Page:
Coaches cry foul over proposed rule

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The NCAA football rules committee is proposing changes for the 2014 season that would loosen the reins on defensive substitutions and lessen the penalties for targeting fouls called on the field.

The committee's proposal would allow defensive players to substitute within the first 10 seconds of the 40-second play clock, except for the final two minutes of each half.

Offenses that snap the ball before 29 seconds remain on the play clock would receive a 5-yard delay-of-game penalty.

Current rules state that defensive players aren't guaranteed the opportunity to substitute unless the offense first substitutes. Under the proposal, this policy would remain when the play clock starts at 25 seconds.

The proposal would strike a major blow to up-tempo spread offenses that often run plays before the opposing defense is set. Coaches like Alabama's Nick Saban and Arkansas' Bret Bielema last summer said that up-tempo offenses are likelier to cause injuries for defensive players who can't get off of the field in time.

"This rules change is being made to enhance student-athlete safety by guaranteeing a small window for both teams to substitute," Air Force coach Troy Calhoun, chair of the rules committee, said in a prepared statement. "As the average number of plays per game has increased, this issue has been discussed with greater frequency by the committee in recent years and we felt like it was time to act in the interests of protecting our student-athletes."

The committee, which met this week in Indianapolis, believes 10 seconds of substitution time wouldn't inhibit offenses from operating quickly. It points to research that states that offenses rarely snap the ball before 30 seconds remain on the play clock.

The committee also proposes removing a 15-yard penalty when replay officials overturn a targeting disqualification foul, as long as no other penalty is called on the play. The initial targeting policy stated that even if a targeting penalty is overturned and a player avoided an ejection, his team still would receive a 15-yard penalty.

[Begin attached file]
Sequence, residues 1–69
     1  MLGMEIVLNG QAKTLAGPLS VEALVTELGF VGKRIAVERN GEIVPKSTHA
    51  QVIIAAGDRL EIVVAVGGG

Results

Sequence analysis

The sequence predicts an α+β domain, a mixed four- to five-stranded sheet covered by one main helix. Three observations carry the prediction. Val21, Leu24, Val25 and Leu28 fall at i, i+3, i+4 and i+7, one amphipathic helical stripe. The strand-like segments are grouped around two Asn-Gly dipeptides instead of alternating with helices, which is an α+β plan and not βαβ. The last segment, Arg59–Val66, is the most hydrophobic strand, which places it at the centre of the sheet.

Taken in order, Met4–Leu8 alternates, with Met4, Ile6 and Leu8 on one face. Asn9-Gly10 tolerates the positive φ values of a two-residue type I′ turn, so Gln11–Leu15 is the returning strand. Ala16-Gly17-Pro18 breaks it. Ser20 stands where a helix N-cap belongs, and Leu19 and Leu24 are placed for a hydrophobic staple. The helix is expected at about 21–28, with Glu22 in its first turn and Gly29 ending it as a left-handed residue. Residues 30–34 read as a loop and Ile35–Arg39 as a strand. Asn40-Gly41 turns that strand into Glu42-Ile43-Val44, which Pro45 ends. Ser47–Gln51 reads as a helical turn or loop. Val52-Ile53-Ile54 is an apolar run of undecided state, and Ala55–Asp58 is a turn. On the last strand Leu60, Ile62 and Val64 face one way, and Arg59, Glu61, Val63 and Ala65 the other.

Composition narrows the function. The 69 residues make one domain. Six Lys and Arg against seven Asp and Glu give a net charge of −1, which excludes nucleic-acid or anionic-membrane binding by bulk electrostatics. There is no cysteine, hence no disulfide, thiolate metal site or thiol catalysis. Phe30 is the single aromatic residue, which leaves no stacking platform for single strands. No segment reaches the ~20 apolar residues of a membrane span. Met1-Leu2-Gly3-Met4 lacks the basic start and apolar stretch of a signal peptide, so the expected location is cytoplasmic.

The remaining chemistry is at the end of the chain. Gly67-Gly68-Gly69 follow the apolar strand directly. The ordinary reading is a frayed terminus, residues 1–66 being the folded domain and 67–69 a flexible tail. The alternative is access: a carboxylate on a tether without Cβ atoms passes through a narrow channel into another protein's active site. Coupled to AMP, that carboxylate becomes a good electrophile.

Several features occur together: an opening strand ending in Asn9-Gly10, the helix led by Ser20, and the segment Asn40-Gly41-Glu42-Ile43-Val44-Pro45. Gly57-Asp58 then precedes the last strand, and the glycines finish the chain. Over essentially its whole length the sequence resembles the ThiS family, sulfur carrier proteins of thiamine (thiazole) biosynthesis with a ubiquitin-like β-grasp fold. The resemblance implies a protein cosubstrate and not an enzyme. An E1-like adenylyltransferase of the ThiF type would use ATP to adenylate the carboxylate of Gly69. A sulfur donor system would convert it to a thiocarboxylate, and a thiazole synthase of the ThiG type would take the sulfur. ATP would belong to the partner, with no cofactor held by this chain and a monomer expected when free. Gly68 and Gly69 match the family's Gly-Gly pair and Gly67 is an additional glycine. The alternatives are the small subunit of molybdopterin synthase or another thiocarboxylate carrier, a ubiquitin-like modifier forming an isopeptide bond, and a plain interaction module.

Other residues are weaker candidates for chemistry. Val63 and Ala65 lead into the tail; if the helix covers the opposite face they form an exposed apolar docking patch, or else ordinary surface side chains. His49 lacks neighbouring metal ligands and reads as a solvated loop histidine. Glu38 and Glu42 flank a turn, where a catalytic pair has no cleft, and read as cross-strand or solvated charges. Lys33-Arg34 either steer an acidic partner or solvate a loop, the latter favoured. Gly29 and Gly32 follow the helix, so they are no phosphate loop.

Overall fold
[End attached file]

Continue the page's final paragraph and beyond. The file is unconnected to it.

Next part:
"This alteration keeps the intent of the rule, but allows replay to correct all of the consequences from a rare missed call," Calhoun said.

The proposal also states that in games where replay isn't available, officials may review targeting fouls in the first half during halftime if leagues and teams agree and video is available in the officials' locker room. Targeting calls then could be reversed and the ejected player could return in the second half.

The NCAA's playing rules oversight panel will discuss the proposed changes March 6. The only adjustments allowed this year -- not designated as a rules-change year -- are those that involve player safety or modify a previous rule change such as targeting.

The proposal to slow down offenses will have a hard time passing if the many coaches who run up-tempo these days have anything to say about it.

"It's ridiculous," said Arizona's Rich Rodriguez.

Rodriguez has also been at the forefront of the fast football trend.

"For me it goes back to the fundamental rules of football," Rodriguez said. "The offense knows where they are going and when they are going to snap the ball. That's their advantage. The defense is allowed to move all 11 guys before the ball is snapped. That's their advantage.

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